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How To Ace Your Second-Round Job Interview
Do these three crucial things.
You have made it through a first round of interviews, and you get a call from the employer asking you to come in for a second round. You think, "I guess this is good news, but I already spoke with five people and thought it went well enough to get an offer. What more can they want to know?"
Being asked to come in for a second round of interviews is definitely good news, and there are a number of reasons employers make the request. They may need you to speak with their managers for final approval before they make an offer. They may want you to speak with other members of the team to get a sense of whether you will work well with them. Or it may be down to just several candidates, and they're trying to decide which of you will be the best fit for the job.
Review your first round of interviews. Some of the points you made during your first-round interviews must have encouraged the employer to invite you in for the second round. Your first job in preparing now is to analyze the points you made about your skills and experience during the first round and identify as best you can what your interviewers found impressive, as well as what they found questionable. The foundation of your strategy for attacking the second round with confidence will be giving them more of what they like and providing stronger answers for any questions you might have struggled with.
Know your interviewers. Before the interviews you will most likely be e-mailed a schedule that identifies who you'll be talking to. Conduct some research on each of your interviewers, so you know who they are. You want to know how long they have been with the company, what titles they have held, what companies they worked for previously and what schools they attended. If you have anything in common with one of them, you can mention it to break the ice. People are always impressed when you've taken the time to research their background.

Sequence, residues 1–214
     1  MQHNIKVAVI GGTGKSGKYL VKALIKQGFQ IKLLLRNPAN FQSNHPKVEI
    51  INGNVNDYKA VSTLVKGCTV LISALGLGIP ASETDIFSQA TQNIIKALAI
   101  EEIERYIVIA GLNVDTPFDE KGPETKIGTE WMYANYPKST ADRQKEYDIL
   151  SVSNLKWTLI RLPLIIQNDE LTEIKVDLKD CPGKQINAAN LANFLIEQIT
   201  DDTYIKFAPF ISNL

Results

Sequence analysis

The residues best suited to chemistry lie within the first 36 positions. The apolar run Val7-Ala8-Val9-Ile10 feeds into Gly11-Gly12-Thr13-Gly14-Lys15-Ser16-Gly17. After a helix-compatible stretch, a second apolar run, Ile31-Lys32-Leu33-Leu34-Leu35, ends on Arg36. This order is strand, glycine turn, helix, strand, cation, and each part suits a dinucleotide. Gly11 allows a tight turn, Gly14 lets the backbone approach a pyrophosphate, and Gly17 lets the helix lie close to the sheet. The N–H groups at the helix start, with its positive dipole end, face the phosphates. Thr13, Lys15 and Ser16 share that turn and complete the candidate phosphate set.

Have a 60-day plan: You most likely established during your first-round interviews that you have the basic skills to do the job. During the second round you want to establish that you're the best candidate. One of the most effective ways to do this is by providing the employer with a 60-day plan. You'll want to keep it simple by explaining how you will get up to speed quickly and provide results for the company within two months. If it comes down to you vs. a couple of other strong candidates, the employer will have a hard time not making you an offer if you've shown them you have a plan for providing results fast.
As the second round of interviews moves to a close, you want to close the deal by asking for an offer. This needs to be done tactfully and with confidence. We coach our clients on the exact words to say to ensure that they leave the second round of interviews with an oral commitment from the employer.
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